Student: Sasha Neefe

Project: Reevaluating Green Solvent Metrics Using End-of-Life Considerations

View: Research Poster (PDF)

Institution: Lafayette College

Major: Chemical Engineering

Advisor: Lindsay Soh


Virgin solvent production is energetically demanding, and along with solvent disposal often has adverse environmental effects. Efficiently processing solvent waste from chemical processes is crucial to minimizing energy use and environmental impacts. Two common options for end-of-life processing include 1) incineration, allowing for energetic solvent reuse but emitting toxins and requiring further solvent production,[1] and 2) solvent purification and recycling, which requires potentially energetically demanding separations but minimizes fresh solvent use.[1] Solvent selection guides provide environmental ratings for a wide range of solvents, but the only widely-used solvent recyclability metric is boiling temperature, implicating distillation heat-duty.[2] However, a full process design analysis determining the viability of solvent recycling is extensive.[3] The goal of this theoretical research is to determine a simple but robust metric utilizing thermophysical properties to better evaluate the end-of-life considerations for solvents, creating more sustainable chemical processes.

Water and isopropanol were chosen as polar and non-polar protic reference-solvents to compose binary mixtures with 100+ additional solvents. Solvent recovery via distillation was analyzed using King’s Equation and assumptions of ideality and constant relative volatility were evaluated using McCabe-Thiele analyses. The minimum pump energy to separate organic liquids via nanofiltration is estimated using dense-membrane solution diffusion correlations and investigating molecular size limitations. It was determined that distillation energy demands increase as boiling point differentials approach zero. Preferable solvent-mixture end-of-life pathways will be suggested utilizing minimum energy demands through comparing the production energy offset from a) incinerating or b) recycling via i) distillation or ii) organic solvent nanofiltration.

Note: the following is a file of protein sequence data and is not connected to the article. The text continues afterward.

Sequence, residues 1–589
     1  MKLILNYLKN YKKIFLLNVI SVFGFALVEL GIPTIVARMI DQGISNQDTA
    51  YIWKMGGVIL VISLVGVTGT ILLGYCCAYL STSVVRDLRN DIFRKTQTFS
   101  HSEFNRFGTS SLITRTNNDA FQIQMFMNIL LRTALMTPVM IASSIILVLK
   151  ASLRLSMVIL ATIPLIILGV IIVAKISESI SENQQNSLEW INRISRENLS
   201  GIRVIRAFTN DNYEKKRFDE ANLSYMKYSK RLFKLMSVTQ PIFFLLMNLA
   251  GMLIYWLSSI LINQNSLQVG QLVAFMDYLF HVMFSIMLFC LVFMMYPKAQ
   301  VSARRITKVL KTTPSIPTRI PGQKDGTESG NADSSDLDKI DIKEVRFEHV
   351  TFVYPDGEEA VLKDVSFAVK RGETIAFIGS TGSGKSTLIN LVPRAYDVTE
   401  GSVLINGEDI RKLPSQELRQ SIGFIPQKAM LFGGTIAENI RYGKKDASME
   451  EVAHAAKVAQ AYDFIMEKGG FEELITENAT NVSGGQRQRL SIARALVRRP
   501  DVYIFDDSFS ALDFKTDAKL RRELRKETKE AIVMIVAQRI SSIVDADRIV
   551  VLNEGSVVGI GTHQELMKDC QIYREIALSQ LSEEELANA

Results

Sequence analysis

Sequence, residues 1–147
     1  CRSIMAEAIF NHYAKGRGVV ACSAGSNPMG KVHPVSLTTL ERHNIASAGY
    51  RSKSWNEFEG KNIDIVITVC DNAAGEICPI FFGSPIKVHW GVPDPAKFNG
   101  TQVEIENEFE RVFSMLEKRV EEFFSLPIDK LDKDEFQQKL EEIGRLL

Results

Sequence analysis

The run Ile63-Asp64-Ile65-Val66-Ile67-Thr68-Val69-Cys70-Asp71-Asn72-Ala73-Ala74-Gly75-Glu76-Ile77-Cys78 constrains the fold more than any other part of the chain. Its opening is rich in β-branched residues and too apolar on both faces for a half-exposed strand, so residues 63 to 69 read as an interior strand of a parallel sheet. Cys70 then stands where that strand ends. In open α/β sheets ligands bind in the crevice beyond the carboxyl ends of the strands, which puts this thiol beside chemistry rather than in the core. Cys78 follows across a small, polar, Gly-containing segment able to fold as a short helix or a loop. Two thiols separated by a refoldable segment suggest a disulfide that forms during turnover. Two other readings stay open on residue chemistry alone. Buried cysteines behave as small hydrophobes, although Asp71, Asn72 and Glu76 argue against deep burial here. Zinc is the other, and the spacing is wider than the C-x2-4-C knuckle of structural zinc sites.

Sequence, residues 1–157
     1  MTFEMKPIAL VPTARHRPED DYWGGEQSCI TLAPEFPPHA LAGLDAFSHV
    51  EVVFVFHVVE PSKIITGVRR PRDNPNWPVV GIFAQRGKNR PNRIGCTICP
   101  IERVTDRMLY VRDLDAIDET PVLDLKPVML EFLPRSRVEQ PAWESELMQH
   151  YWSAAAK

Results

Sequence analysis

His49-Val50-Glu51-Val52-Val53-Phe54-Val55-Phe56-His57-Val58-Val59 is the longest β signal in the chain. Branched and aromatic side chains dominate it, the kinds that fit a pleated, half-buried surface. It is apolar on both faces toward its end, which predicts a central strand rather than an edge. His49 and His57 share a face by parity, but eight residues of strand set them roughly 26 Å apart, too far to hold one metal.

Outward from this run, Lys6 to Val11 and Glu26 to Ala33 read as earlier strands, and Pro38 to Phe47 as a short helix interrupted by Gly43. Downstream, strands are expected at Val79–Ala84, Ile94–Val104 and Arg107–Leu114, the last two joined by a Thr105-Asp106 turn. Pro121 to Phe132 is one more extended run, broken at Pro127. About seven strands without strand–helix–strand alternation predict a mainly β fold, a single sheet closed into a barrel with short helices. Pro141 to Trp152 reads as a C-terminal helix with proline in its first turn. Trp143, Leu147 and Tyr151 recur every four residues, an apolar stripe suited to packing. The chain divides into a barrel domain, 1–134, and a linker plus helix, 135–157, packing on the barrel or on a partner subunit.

1. Constable, David J. C. “Perspective on Solvent Use in the Pharma Industry.” Organic Process Research & Development 11 (2007): 133–37.
  2. Alder, Catherine M. “Updating and Further Expanding GSK’s Solvent Sustainability Guide.” Green Chemistry, 2016.
  3. Gani, Rafiqul. “A Systematic Approach to Green Solvent Selection, Design, and Verification.” In The Application of Green Solvents in Separation Processes. Elsevier Inc., 2017.
Sasha Neefe

About Sasha Neefe

Sasha Neefe, class of 2021, is a chemical engineering major and environmental studies minor studying at Lafayette College. She is interested in renewable energy and sustainable engineering, and she has been working with Professor Lindsay Soh in the environmental engineering lab since her freshman year. At the 2020 AIChE Annual Student Conference, she was awarded first place in the Fuel, Petrochemical, and Energy group for her research in the interesterification of vegetable oils using ferric sulfate to analyze biodiesel yields and cloud points. Sasha is the co-founder of the new chapter of Lafayette College Engineers Without Borders and served as chapter president for two terms. Before pursuing a PhD in environmental engineering, she will intern at the National Renewable Energy Lab starting in June 2021, studying the valorization of lignin with applications to biorefining. Sasha loves music, and she plays guitar and hosts a radio show at Lafayette.